The depth of the bottom of the crevasses marks the threshold boundary between brittle and plastic zones. In continents brittle tectonics dominates the upper part of the crust, but the lower part may flow. This is the realm of gneisses and schists. Of course,  glacier ice  is a  mono-mineralic metamorphic rock.

Ice sheet basins

Another problem of the Greenland and Antarctic ice sheets is this: Did the ice sheet fill a pre-existing basin, or did the weight of the ice create the basin? It is generally assumed that the increasing weight as an ice cap grows will cause an isostatic sinking of the underlying rocks, and ever- increasing thickness of ice will cause ever more subsidence.

Alternatively, since many continents have mountains on their edges and lowlands in the middle (Fig. 4), Antarctica and Greenland may have had a similar depression even before ice started to accumulate. An initial basin would provide ideal conditions for the collection of ice if the climate was right. Isostasy could enhance the effect, but does not have the problem of initiating it.

This idea might be relevant to the problem of why the Canadian and Scandinavian ice sheets melt frequently while the Greenland and Antarctic ones do not. The former do not have a deep basin in which ice can accumulate and gain sufficient thickness to cause isostatic feedback.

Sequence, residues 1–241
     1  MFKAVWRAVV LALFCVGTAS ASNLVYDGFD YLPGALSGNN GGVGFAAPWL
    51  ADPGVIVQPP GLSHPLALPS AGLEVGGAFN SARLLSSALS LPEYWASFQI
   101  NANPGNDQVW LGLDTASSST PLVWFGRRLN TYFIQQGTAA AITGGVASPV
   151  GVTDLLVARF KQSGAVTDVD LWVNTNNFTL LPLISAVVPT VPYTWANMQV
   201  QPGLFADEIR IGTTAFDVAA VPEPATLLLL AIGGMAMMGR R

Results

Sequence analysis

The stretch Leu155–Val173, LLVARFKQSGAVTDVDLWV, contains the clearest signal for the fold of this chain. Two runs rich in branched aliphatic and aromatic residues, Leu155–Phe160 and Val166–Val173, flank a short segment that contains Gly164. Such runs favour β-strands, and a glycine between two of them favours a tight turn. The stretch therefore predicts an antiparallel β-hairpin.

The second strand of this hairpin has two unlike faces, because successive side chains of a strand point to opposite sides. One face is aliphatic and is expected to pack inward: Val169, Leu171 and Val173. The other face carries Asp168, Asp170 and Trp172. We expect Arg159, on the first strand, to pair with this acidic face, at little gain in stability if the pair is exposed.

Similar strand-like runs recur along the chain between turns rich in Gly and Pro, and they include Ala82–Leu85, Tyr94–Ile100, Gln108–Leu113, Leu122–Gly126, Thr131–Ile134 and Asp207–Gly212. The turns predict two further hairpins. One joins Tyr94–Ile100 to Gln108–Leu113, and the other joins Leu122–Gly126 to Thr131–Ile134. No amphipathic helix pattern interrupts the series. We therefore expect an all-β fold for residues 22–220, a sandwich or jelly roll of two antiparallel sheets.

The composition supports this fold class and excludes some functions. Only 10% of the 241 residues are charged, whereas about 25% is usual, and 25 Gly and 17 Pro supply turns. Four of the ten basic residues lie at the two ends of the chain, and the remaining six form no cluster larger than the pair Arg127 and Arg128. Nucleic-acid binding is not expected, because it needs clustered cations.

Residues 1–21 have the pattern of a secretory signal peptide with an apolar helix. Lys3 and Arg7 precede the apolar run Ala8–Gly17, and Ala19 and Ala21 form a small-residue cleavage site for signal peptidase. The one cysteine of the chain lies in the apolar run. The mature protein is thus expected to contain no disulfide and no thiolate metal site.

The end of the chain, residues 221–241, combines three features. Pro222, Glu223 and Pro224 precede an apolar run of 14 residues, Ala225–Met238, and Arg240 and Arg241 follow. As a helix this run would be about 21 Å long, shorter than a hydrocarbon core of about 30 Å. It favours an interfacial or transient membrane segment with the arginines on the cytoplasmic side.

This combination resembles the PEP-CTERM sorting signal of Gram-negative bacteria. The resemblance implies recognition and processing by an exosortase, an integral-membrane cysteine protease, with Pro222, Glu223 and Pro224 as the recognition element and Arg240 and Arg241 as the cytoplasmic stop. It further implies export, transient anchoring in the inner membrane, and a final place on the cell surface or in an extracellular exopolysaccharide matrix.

The reverse scenario is that melting of an ice sheet will cause uplift of the land. This is happening in Hudson’s Bay and Scandinavia. Stockholm is rising at about a millimetre per year, and Viking ports are now up to 9 km inland. This isostatic response means that the crust must be flowing at depth, in the plastic zone, by creep.

Creep in the mantle takes time, so Scandinavia is still rising, thousands of years after the ice load was removed. In the same way the flow of ice-caps is responding to the ancient build-up of potential energy, despite current melting at the ice front. The melting of a few decades is no indication of ‘collapse’ of the ice sheets.

ollier fig 4